“If we have the technology to do so, we should really apply it to looking at some of these questions,” Pask said.
Colossal CEO Ben Lamm told The Debrief that the technologies applied toward bringing back a species like the Thylacine are similar to what Colossal has already been developing in its efforts to revive the wooly mammoth. However, even a species declared extinct as recently as the Tasmanian tiger presents unique challenges.
“It’s almost like an inverse challenge to the mammoth,” Lamm told The Debrief. “With the mammoth, we’ve got really highly fragmented DNA that we’ve got to spend a lot of time reassembling.”
“Then, the genetic divergence between mammoth and Asian elephants is much shorter,” Lamm added, “so the number of edits are much easier to get a cold adapted elephant, versus some of the work on the Thylacine.”
“The Thylacine is exactly inverse,” Lamm says. “We have a lot of DNA. We have some great reference genomes for the Thylacine,” which he says requires less genetic assembly work in preparation of revitalizing the species. However, Lamm adds that more gene editing will be required to revive the Thylacine.
In many ways, Lamm says adding the Thylacine to Colossal’s current restoration efforts will be beneficial to its existing work with the wooly mammoth. The suite of technological developments that the company’s studies of these two species may yield will likely be beneficial across the board, especially in terms of achieving future success with de-extinction efforts.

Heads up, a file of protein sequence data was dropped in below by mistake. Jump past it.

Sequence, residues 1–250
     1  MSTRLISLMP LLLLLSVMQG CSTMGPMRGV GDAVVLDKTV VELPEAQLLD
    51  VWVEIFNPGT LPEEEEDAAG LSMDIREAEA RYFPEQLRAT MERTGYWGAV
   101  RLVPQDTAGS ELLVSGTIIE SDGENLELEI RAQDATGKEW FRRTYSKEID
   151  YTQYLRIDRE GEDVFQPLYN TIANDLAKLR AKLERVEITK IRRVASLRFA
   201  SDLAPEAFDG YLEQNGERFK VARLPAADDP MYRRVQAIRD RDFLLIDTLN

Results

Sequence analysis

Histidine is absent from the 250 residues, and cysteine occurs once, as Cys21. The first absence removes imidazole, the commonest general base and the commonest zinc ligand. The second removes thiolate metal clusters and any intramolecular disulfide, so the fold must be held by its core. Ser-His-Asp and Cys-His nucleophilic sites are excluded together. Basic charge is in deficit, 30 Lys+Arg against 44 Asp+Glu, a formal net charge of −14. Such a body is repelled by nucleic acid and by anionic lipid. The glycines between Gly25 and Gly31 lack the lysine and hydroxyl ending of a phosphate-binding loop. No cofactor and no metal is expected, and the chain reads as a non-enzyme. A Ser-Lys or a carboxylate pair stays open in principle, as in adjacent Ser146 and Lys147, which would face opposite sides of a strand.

“So really, the projects complement each other in our skillset in working to build a de-extinction technology stack that can work across species,” Lamm told The Debrief.
But what would the effects be of reviving an animal like the Thylacine and reintroducing the species to its former habitat? Lamm and Pask point to recent similar efforts involving the rewilding of wolves in Yellowstone National Park as evidence of the kind of benefits that could stem from their ambitious project.
“Just the reintroduction of wolves also reshaped the rivers in Yellowstone,” Lamm told The Debrief. “The trickledown effect is just unbelievable.”
Pask says that succeeding in resurrecting the Thylacine could take less time than Colossal’s current efforts to revive the wooly mammoth.
“There are certainly some things that are very challenging with this particular species,” Pask told The Debrief. “But there are other parts that are going to be quite a bit easier than the mammoth project.”
“This could potentially be the first animal that we see de-extincted,” Pask said.
Ultimately, the company hopes that the technologies they will use can serve future generations in the preservation of a variety of species, although especially marsupials, which proliferate in Australia, but in a country recognized globally as having the fastest rate of loss of biodiversity.
Colossal co-founder Dr. George Church, a world-recognized leader in genomics, said the company is excited about the collaboration with Pask and his team.
“Andrew and his lab have made tremendous advances in marsupial research, gestation, thylacine imaging, and tissue sampling,” Church said in a statement. “Colossal is excited to provide the necessary genetic editing technology and computational biology to bring this project, and the thylacine, to life.
“It’s an incredible collaboration and project,” Church added, “with far reaching benefits for animal conservation efforts at large.”